As you may have seen over the last few weeks, we spent part of the month of May in Europe. One of the areas we stayed in the most was Munich, Germany. While there, we felt like we had to go and visit Dachau Concentration Camp. We had heard so much about it in history class, and in the media, but had to see what it was all about. Of course, we also planned a visit to Hofbrauhuas knowing we would probably need a happier evening, and something to clear the palette so to speak. We were definitely right on that assessment.
I don’t think I will say much about the history of the camp and what happened there during WW11. I think most everyone knows at least some of the basics. If not, here is a link to a website with some history. I mostly want to focus on what we saw while there and what we thought.
When we first got to Dachau, the first thing I noticed was the large wall all around the camp. It was large, but still a little smaller than I thought it would be. We made it inside and stopped into the visitor’s center. They suggested we go into the main building and watch a short film on the history of the camp. It was a good suggestion, but I couldn’t help feeling like I was back in school, lol.
After the film was over we walked around the large building checking out the many displays and exhibits. I learned a lot that I did not know or learn in school. It was much more than sad. It was sickening. I can’t think of another word for it. I couldn’t stop thinking about what I would have felt if one of those “prisoners” was someone I loved.
We left the main building and made our way to the other end of the complex. This is where they had several memorials and chapels. The biggest ones were the Protestant Church of Reconciliation, the Jewish Memorial, and the Catholic Mortal Agony of Christ Chapel. I stood there for a long time thinking about all those poor people and prayed that they found some peace.
On the way back toward the main building are the roll call area and the barracks. They are reconstructions but give you a sense of their confinement. Dachau was initially planned to hold 6,000 prisoners, but more than 30,000 were imprisoned before the camp was eventually liberated by American troops on April 29, 1945.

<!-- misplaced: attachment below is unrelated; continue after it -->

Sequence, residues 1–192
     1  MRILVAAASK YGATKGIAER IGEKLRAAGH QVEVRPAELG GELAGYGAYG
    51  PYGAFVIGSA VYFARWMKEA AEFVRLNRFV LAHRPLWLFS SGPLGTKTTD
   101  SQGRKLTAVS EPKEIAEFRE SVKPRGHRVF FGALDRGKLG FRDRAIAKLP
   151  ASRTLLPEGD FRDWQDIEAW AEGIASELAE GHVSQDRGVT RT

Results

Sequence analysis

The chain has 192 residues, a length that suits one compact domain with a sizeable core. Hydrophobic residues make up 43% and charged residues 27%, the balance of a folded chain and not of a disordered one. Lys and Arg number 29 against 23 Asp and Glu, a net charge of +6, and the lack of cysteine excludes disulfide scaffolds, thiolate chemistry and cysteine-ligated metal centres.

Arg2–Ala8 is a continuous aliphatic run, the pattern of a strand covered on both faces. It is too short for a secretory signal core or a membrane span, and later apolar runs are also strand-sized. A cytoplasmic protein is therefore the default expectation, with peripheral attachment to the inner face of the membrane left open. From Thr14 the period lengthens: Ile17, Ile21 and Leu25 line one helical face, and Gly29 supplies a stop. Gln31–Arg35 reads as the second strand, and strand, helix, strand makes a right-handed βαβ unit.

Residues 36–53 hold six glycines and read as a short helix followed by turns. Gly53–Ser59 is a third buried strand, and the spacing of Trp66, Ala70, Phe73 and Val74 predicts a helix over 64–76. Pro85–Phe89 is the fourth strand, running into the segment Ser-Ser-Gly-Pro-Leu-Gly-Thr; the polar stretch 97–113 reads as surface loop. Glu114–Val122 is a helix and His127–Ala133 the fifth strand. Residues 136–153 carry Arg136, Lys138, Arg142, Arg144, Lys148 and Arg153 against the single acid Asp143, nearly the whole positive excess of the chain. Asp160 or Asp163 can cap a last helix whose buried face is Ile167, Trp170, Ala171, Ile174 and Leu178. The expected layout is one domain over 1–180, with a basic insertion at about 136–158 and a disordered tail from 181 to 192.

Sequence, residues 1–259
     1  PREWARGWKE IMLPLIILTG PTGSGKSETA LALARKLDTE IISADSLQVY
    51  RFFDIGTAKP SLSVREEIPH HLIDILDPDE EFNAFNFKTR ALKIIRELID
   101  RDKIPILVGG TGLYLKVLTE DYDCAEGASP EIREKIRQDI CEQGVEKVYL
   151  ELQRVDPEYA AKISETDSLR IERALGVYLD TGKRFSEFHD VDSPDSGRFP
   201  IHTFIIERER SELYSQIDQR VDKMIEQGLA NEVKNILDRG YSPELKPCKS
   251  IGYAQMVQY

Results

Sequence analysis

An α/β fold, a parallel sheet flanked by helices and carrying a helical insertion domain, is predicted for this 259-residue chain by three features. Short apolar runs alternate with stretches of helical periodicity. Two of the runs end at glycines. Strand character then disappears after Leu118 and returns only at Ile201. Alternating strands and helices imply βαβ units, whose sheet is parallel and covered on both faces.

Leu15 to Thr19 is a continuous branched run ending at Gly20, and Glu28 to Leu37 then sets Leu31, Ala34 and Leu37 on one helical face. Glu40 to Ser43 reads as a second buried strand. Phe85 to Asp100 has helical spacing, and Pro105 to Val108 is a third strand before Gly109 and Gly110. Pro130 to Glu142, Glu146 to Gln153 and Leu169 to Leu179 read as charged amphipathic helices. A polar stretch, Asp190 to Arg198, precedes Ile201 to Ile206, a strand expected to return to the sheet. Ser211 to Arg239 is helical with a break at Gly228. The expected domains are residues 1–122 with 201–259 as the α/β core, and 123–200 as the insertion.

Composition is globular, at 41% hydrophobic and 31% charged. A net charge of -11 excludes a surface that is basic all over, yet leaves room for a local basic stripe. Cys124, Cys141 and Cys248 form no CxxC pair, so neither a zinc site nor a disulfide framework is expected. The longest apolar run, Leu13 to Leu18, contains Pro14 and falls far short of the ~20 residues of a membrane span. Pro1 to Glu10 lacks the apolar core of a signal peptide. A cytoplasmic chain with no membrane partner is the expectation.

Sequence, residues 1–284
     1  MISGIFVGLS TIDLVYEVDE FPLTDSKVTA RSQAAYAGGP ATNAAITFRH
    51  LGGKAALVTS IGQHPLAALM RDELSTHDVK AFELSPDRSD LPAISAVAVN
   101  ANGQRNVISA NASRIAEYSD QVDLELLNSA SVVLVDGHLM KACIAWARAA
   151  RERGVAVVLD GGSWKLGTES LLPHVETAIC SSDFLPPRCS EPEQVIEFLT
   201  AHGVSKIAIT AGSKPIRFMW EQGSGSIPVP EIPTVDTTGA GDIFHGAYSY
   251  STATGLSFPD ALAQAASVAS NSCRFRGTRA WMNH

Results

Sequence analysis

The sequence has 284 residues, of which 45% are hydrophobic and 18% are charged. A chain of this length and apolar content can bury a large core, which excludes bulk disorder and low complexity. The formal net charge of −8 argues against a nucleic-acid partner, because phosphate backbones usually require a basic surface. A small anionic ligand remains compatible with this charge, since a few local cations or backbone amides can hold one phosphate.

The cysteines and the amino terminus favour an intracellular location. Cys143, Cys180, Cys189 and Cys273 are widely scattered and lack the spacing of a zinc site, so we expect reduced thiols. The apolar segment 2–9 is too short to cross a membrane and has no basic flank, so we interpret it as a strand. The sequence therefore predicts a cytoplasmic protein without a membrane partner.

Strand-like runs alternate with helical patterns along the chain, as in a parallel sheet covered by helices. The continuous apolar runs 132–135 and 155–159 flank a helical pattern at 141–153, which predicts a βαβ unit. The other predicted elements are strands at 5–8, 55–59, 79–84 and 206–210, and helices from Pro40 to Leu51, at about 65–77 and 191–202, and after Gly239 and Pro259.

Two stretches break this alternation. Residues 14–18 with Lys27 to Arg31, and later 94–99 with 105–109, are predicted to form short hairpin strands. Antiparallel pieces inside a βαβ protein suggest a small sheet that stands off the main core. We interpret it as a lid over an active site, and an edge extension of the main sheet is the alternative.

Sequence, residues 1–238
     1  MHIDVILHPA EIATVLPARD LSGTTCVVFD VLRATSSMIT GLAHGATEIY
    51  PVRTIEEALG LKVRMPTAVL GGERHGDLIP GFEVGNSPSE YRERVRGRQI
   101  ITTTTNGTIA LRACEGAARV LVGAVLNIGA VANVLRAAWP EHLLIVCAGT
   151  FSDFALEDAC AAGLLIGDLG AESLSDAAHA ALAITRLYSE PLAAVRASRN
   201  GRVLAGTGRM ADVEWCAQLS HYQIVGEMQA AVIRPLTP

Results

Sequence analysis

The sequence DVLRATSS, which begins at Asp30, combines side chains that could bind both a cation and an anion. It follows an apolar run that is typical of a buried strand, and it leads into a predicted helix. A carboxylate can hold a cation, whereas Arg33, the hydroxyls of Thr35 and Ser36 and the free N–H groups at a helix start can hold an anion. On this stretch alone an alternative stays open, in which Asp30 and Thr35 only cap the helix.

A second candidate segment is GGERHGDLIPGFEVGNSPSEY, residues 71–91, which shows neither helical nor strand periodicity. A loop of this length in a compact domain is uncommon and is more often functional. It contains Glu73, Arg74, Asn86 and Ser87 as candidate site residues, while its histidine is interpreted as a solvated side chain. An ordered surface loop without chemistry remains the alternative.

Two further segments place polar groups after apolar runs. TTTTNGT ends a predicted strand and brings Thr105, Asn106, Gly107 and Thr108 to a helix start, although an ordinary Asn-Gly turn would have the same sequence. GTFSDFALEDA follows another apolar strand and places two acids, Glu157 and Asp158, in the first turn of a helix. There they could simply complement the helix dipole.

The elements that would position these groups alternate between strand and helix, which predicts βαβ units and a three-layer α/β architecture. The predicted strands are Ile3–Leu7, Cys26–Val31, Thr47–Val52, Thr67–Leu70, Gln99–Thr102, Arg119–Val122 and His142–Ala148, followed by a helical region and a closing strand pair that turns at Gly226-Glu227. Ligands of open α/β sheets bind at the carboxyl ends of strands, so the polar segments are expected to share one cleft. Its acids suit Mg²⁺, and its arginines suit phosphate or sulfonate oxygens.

One other note about the camps that you probably didn’t learn in school was the liberation of inmates from sub-camps by the 522 Field Artillery Battalion. What made this interesting was that this was Gene’s dad’s unit. Crazy huh? We found out there is a memorial to the unit about 50 kilometers south of Munich. One day on our way to Salzburg, we found it and took a few pictures of Gene with the memorial. It was a nice way to remember our trip, which made the memories a little less depressing.
I can’t say I enjoyed our visit to Dachau, because I didn’t. It made me sad, sick, and confused, but it also put things in perspective. It made all the little petty things, just that. I can say that I am happy to have been there to have a better understanding than what I did from just reading it in books and watching film strips in school. If you would like more information regarding hours and such, please check out their website. It is free, but there is a small charge for parking. I will end by restating what I said earlier, I pray that all those affected found peace one way or the other. No one should ever have been treated that way. May we never forget what happened there so that history will NEVER repeat itself.